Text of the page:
The slower and leisurely pace of the 1936 movie begins to rely on showstopping performances, which are synonymous with the Gold Diggers name, following the more visually appealing version of "Speaking of the Weather" that is reprised with the help of Lee Dixon's stellar footwork. Simpler numbers like "Let's Put Our Heads Together" and the "Life Insurance Song" appear to amuse but fade away quickly, failing to give the audience the one thing it demands: a burst of world-class entertainment that's more closely aligned with the styles and presentations of the 1933 and 1935 films. Fortunately, with Busby Berkeley at the helm, disappointment is not an option, and only the grandest of productions will do.
When compared to "Remember My Forgotten Man," the politically charged finale that ended the 1933 film on a bittersweet note with its devastating portrayal of World War I veterans struggling to make ends meet, "All's Fair in Love and War" depicts an entirely different battle that ends in reconciliation. Set to the melodious stylings of Harry Warren and tongue-in-cheek lyrics of Al Dubin, the staged production miraculously comes together after Rosmer rallies the troops, so to speak, in a dual effort to save a theatrical enterprise and the life of a man whose failing heartbeat lives at its core. The result is a not-to-be-missed number that is best summarized in, well, numbers: one Academy Award® nomination for Best Dance Direction, 10 minutes of uninterrupted footage and 104 uniform-clad, flag-waving women who march to the beats of their own drums.
The fact that the Gold Diggers series was slowly coming to an end, Paris entry aside, makes this triumphant effort even more deserving of an opportunity to go out with a bang. The neon-studded violins of 1933's "The Shadow Waltz" and the revolving grand pianos of 1935's "The Words Are in My Heart" are consequently replaced by rocking chairs that grow to unrealistic proportions, strategically placed cannon balls directed at unsuspecting victims and human-sized bombs that are slated to go off without a warning. The so-called No Woman's Land, as depicted by Busby, is a territory that men dare not cross, and a wedding ring is the only acceptable peace offering that can bring about a desired truce.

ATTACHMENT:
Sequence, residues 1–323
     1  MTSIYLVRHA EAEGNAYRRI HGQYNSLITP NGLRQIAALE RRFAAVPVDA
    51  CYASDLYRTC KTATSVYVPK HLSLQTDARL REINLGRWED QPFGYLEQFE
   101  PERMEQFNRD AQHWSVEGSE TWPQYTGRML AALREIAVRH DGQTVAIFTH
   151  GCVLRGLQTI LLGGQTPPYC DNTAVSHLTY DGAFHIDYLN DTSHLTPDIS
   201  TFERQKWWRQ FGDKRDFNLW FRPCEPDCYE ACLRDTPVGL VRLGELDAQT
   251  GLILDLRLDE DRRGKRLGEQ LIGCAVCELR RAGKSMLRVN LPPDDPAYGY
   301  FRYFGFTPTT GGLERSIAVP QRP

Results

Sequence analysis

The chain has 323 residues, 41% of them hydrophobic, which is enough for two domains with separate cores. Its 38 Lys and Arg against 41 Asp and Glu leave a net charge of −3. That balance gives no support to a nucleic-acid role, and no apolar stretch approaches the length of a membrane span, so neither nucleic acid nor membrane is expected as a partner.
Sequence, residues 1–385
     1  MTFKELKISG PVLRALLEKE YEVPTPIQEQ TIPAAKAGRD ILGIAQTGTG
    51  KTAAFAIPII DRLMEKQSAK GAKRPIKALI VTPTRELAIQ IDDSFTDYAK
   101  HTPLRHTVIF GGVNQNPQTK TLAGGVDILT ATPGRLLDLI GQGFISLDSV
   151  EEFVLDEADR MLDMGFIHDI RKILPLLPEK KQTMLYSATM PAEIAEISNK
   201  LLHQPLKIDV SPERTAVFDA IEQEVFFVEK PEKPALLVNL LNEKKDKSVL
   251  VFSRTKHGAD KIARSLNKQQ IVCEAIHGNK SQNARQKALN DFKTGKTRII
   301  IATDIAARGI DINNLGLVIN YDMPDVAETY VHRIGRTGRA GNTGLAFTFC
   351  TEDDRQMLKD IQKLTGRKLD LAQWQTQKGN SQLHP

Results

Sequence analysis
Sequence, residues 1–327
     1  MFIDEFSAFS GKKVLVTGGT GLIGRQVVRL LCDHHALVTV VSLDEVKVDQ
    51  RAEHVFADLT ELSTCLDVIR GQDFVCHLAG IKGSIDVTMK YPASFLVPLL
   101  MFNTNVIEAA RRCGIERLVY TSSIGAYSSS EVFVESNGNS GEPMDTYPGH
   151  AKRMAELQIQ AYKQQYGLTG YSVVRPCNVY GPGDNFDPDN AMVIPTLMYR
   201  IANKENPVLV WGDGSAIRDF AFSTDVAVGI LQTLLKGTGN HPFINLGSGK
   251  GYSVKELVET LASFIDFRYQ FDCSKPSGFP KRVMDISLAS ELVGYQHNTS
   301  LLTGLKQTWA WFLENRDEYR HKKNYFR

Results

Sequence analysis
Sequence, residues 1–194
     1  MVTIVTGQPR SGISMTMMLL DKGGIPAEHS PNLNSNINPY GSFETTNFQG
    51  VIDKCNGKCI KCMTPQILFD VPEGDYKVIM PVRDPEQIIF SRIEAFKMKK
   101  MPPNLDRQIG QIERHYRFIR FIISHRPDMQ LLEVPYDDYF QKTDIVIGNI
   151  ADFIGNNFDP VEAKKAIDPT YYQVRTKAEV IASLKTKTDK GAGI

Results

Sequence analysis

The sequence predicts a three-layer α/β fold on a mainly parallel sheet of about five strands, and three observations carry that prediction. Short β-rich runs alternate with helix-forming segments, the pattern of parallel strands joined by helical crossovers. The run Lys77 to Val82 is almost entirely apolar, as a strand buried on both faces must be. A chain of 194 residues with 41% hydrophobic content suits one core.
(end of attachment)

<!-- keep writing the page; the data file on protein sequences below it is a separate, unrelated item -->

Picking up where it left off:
Busby's resolute adherence to an inspired style of presentation and established camera techniques — key elements in what should be considered a very consistent creative execution — make "All's Fair in Love and War" as original and one-of-a-kind as the showstoppers that came before it. The bold contrast between black and white tones is as stark as ever, the orchestrated movements are as painstakingly choreographed as before, and the geometrical patterns that emerge in the renowned kaleidoscopic formation, Busby's signature offering, never cease to amaze.
Once the end credits start rolling, concluding yet another Gold Diggers story on a high note, there's a sense of knowing, of finality, that a viewer can't help but feel or even explain. For even though the beloved franchise has yet another installment up its sleeve, there is something different about 1938's Paris release that brought it below par. To say that the remaining film lacked the superb qualities of its predecessors would be an overstatement; on the contrary; the Warner Bros. release has all the right elements in place to make it into a formidable musical. So what exactly is missing?
The generally likable Rudy Vallée, a legendary star in his own right, is certainly not to blame for any of Paris' shortcomings, but compared to the highly charismatic Dick Powell, who effortlessly croons his way into our hearts, Rudy fails to live up to the high standard set by Gold Diggers' designated leading man. His companions in various supporting roles don't fare too well either, failing to incite the same level of admiration that audiences held, ever so effortlessly, for Aline MacMahon as Trixie Lorraine, Alice Brady as Matilda Prentiss and Adolphe Menjou as Nicolai Nicoleff. And then there's the music — well-scored, entertaining and fun in its essence but, at the end of the day, highly forgettable. Even Busby Berkeley himself, in directing the somewhat odd "I Wanna Go to Bali" finale, almost fell short of showcasing the level of pure genius most audiences have come to expect from his painstaking and lavish productions. And that's saying something.
While Gold Diggers in Paris is worth watching at least once, if just for the sake of experiencing the musical series in its entirety, it's not necessarily a title that a casual moviegoer will care to revisit again. Even an exotic location such as France doesn't hold a candle to the pure and simple joy one feels when standing in the spotlight of a Broadway stage (1933), taking in the breathtaking views of a lakeside resort (1935) or tap-dancing the night away at a garden party (1936) that brings together the best of all worlds but somehow manages to stay remarkably close to home.